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Systematic (IUPAC) name
Clinical data
Routes of
Intramuscular injection
CAS Registry Number 32988-50-4 N
ATC code None
PubChem CID: 3037981
ChemSpider 2301596 YesY
UNII YVU35998K5 YesY
ChEBI CHEBI:15782 YesY
Chemical data
Formula C25H43N13O10
Molecular mass 685.691 g/mol
 N (what is this?)  (verify)

Viomycin is a member of the tuberactinomycin family,[1][2][3] a group of nonribosomal peptide antibiotics exhibiting anti-tuberculosis properties. The tuberactinomycin family is an essential component in the drug cocktail currently used to fight infections of Mycobacterium tuberculosis. Viomycin was the first member of the tuberactinomycins to be isolated and identified[4] and was used to treat TB until it was replaced by the less toxic, but structurally related compound, capreomycin. The tuberactinomycins target bacterial ribosomes, binding RNA and disrupting bacterial protein biosynthesis. It is produced by the actinomycete Streptomyces puniceus, that binds to RNA and inhibits prokaryotic protein synthesis and certain forms of RNA splicing.


The gene cluster for viomycin has been sequenced from Streptomyces sp. strain ATCC 11861,[5] Streptomyces vinaceus[6] and from Streptomyces lividans 1326.[4] It consists of a central cyclic pentapeptide code assembled from nonribosomal peptide synthetase (NRPS). The NRPS contains 4 proteins: VioA, VioF, VioI, and VioG. These proteins condense and cyclize two molecules of L-2,3-diaminopropionate (L-Dap), two molecules of L-serine (L-Ser), and one molecule of (2S,3R)-capreomycidine (L-Cam). After cyclizing these, VioJ catalyzes the α,β-desaturation of this preliminary structure. It is proposed that the viomycin gene cluster includes 36.3 kb of contiguous DNA that encodes 20 open reading frames (ORFs)[5] that are involved in the biosynthesis, regulation, and eventual activation viomycin. In addition to these ORFs, the structure contains the resistance gene vph. The following is a summary of the ORFs and their functions.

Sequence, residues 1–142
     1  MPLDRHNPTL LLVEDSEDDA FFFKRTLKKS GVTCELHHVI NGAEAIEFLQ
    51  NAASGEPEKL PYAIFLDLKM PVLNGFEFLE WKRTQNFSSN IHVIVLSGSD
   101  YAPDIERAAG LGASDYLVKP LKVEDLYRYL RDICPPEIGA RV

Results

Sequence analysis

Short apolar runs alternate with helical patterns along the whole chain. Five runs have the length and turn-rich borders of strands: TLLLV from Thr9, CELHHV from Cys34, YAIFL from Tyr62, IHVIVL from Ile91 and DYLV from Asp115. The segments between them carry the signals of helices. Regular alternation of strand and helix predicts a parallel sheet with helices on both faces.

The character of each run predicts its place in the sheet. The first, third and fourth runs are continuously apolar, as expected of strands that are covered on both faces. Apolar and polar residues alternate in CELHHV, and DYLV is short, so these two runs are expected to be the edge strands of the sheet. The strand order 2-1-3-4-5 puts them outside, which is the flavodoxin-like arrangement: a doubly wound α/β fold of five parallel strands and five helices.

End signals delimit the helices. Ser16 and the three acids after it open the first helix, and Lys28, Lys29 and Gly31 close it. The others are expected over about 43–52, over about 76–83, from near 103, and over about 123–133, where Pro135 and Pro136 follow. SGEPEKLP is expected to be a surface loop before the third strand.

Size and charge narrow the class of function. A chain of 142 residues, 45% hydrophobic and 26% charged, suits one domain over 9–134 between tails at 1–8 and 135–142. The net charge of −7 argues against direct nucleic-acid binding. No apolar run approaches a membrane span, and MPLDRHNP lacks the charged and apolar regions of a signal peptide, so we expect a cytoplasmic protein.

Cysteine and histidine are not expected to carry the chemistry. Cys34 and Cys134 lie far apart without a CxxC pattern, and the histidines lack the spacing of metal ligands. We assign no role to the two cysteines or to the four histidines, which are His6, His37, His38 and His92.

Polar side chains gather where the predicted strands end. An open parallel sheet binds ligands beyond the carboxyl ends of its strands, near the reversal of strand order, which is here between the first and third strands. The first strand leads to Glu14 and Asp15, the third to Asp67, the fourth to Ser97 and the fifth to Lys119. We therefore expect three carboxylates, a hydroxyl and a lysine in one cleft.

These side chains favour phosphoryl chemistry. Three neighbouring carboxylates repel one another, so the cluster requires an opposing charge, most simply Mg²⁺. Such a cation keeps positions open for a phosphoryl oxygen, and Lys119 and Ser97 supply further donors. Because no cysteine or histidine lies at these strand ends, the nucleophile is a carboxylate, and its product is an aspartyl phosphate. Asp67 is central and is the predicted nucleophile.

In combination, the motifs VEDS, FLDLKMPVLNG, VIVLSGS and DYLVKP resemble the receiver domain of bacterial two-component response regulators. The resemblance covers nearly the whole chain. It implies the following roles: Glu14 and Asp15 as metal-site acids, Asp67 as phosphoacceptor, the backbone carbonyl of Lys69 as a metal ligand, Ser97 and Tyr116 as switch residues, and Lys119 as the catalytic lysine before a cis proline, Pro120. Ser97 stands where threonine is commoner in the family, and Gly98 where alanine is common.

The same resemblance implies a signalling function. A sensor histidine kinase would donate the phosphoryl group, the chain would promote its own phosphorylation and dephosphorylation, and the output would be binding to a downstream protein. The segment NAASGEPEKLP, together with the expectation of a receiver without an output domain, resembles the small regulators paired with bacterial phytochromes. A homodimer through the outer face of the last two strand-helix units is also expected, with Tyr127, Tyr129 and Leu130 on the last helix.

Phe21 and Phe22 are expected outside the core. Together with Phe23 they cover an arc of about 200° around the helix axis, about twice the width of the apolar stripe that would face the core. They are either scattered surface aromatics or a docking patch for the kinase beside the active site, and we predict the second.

• VioA: NRPS (A-PCP-C-A-PCP-C)
  • VioH: Type II thioesterase
  • VioO: NRPS (A-PCP)-β-lysine activation
  • VioB: 2,3-diaminopropionate synthase
  • VioI: NRPS (PCP-C)
  • VioP: Lysine 2,3-aminomutase
  • VioC: L-Arg hydroxylase
  • VIoJ: 2,3-diaminopropionyl α,β-desaturase
  • vph: Viomycin phosphotransferase
  • VioD: Capreomycidine synthase
  • VioK: Ornithine cyclodeaminase
  • VioQ: Capreomycidine hydroxylase
  • VioE: Permease
  • VioL: Carbamoyltransferase
  • VioR: Transcriptional regulator
  • VioF: NRPS (A-PCP-C)
  • VIoM: NRPS (C)-β-lysine transferase
  • VIoS: Viomycin-phosphate phosphatase
  • VioG: NRPS (A-PCP-C/)
  • VioN: MbtH homolog
  • VioT: Transcriptional regulator

Synthesis of the backbone[edit]

The following is the proposed biosynthesis of viomycin using NRPS-catalyzed peptide synthesis. There are five modules for cyclic pentapeptide biosynthesis, including one that lacks an adenylation domain (A). It is therefore proposed that one of the other A domains functions twice. Additionally, the NRPS subunits are not suspected to function in the order in which their genes are arranged, a characteristic of viomycin biosynthesis that is unlike typical NRPS-catalyzed peptide synthesis.[4] The NRPS components function in the order of VioA→VioI→VioF→VioG to account for the incorporation of β-ureidoalanine (β-Uda). The first A domain of VioA creates an L-Dap-PCP intermediate on the first PCP domain. Meanwhile, the second A domain of VioA loads L-Ser onto the second PCP domain, as well as the PCP of VioI. The activation of β-Uda occurs via VioF, and VioG incorporates L-Cam. 

Figure 1. Domain Organization of viomycin.


After α,β-desaturation via VioJ, three modifications to the preliminary cyclic structure occur. Hydroxylation of C-6 in the structure occurs by VioQ, N-acylation of α-amino group using β-lysine, VioO, and VioM, and carbamoylation of the β-amino group, producing β-ureidoalanine (β-Uda) by the carbamoyltransferase homologue VioL.

Figure 2. Post-modification of Viomycin.


  1. ^ B. W. Bycroft (1972). Chem. Commun.: 660.  Missing or empty |title= (help)
  2. ^ Noda; Take, T; Nagata, A; Wakamiya, T; Shiba, T; et al. (1972). "Chemical studies on tuberactinomycin. 3. The chemical structure of viomycin (tuberactinomycin B)". J. Antibiot. 25 (7): 427–8. doi:10.7164/antibiotics.25.427. PMID 4350196. 
  3. ^ T. Kitagawa; et al. (1972). "The total structure of viomycin by sequential analysis". Chem. Pharm. Bull. 20 (10): 2215–25. doi:10.1248/cpb.20.2215. PMID 4346588. 
  4. ^ a b c Barkei, J.; Kevany, B.; Felnagle, E.; Thomas, M. (2009). "Investigations into viomycin biosynthesis by using heterologous production in Streptomyces lividans.". ChemBioChem. 10 (2): 366–76. doi:10.1002/cbic.200800646. PMC 2765823. PMID 19105177. 
  5. ^ a b Thomas, M.; Chan, Y.; Ozanick, S., (2003). "Deciphering tuberactinomycin biosynthesis: isolation, sequencing, and annotation of the viomycin biosynthetic gene cluster.". Antimicrob. Agents Chemother. 47 (9): 2823–30. doi:10.1128/AAC.47.9.2823-2830.2003. PMC 182626. PMID 12936980. 
  6. ^ Yin, X.; O'Hare, T.; Gould, S.; Zabriskie, M., (2003). "Identification and cloning of genes encoding viomycin biosynthesis from Streptomyces vinaceus and evidence for involvement of a rare oxygenase.". Gene 312: 215–24. doi:10.1016/S0378-1119(03)00617-6. PMID 12909358.